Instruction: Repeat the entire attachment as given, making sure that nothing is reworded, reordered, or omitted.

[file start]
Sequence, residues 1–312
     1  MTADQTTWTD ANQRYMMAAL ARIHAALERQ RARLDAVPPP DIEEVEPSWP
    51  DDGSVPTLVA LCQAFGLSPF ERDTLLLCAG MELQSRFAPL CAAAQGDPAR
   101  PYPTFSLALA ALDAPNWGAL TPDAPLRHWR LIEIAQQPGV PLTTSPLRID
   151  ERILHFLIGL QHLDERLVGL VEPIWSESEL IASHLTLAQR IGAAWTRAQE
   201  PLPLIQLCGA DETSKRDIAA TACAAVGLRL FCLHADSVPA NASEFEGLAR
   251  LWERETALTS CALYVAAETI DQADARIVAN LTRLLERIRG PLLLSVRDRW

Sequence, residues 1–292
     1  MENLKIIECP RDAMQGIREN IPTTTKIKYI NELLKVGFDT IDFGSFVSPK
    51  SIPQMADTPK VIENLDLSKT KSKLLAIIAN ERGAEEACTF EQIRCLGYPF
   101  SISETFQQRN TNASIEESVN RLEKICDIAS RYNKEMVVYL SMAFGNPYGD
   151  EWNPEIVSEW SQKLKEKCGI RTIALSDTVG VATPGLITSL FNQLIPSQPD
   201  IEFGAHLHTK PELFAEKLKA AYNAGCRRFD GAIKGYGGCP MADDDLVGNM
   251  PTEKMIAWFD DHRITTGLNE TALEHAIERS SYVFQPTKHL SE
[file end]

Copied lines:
Sequence, residues 1–312
     1  MTADQTTWTD ANQRYMMAAL ARIHAALERQ RARLDAVPPP DIEEVEPSWP
    51  DDGSVPTLVA LCQAFGLSPF ERDTLLLCAG MELQSRFAPL CAAAQGDPAR
   101  PYPTFSLALA ALDAPNWGAL TPDAPLRHWR LIEIAQQPGV PLTTSPLRID
   151  ERILHFLIGL QHLDERLVGL VEPIWSESEL IASHLTLAQR IGAAWTRAQE
   201  PLPLIQLCGA DETSKRDIAA TACAAVGLRL FCLHADSVPA NASEFEGLAR
   251  LWERETALTS CALYVAAETI DQADARIVAN LTRLLERIRG PLLLSVRDRW

Sequence, residues 1–292
     1  MENLKIIECP RDAMQGIREN IPTTTKIKYI NELLKVGFDT IDFGSFVSPK
    51  SIPQMADTPK VIENLDLSKT KSKLLAIIAN ERGAEEACTF EQIRCLGYPF
   101  SISETFQQRN TNASIEESVN RLEKICDIAS RYNKEMVVYL SMAFGNPYGD
   151  EWNPEIVSEW SQKLKEKCGI RTIALSDTVG VATPGLITSL FNQLIPSQPD
   201  IEFGAHLHTK PELFAEKLKA AYNAGCRRFD GAIKGYGGCP MADDDLVGNM
   251  PTEKMIAWFD DHRITTGLNE TALEHAIERS SYVFQPTKHL SE